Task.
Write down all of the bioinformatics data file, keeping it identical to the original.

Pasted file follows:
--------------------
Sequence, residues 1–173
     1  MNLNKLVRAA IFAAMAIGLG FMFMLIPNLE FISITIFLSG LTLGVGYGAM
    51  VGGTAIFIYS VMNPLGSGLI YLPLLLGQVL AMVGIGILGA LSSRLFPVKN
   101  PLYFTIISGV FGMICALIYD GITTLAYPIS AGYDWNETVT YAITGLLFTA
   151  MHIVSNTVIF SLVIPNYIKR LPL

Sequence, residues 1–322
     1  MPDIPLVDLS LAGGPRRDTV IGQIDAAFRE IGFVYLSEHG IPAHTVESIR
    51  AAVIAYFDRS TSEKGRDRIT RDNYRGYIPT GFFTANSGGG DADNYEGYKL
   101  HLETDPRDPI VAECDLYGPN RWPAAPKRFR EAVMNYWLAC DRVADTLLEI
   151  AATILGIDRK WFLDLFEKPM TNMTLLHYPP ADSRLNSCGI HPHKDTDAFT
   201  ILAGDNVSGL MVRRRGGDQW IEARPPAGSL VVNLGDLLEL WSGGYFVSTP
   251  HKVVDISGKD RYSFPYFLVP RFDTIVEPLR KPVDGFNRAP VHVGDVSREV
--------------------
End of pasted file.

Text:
Sequence, residues 1–173
     1  MNLNKLVRAA IFAAMAIGLG FMFMLIPNLE FISITIFLSG LTLGVGYGAM
    51  VGGTAIFIYS VMNPLGSGLI YLPLLLGQVL AMVGIGILGA LSSRLFPVKN
   101  PLYFTIISGV FGMICALIYD GITTLAYPIS AGYDWNETVT YAITGLLFTA
   151  MHIVSNTVIF SLVIPNYIKR LPL

Sequence, residues 1–322
     1  MPDIPLVDLS LAGGPRRDTV IGQIDAAFRE IGFVYLSEHG IPAHTVESIR
    51  AAVIAYFDRS TSEKGRDRIT RDNYRGYIPT GFFTANSGGG DADNYEGYKL
   101  HLETDPRDPI VAECDLYGPN RWPAAPKRFR EAVMNYWLAC DRVADTLLEI
   151  AATILGIDRK WFLDLFEKPM TNMTLLHYPP ADSRLNSCGI HPHKDTDAFT
   201  ILAGDNVSGL MVRRRGGDQW IEARPPAGSL VVNLGDLLEL WSGGYFVSTP
   251  HKVVDISGKD RYSFPYFLVP RFDTIVEPLR KPVDGFNRAP VHVGDVSREV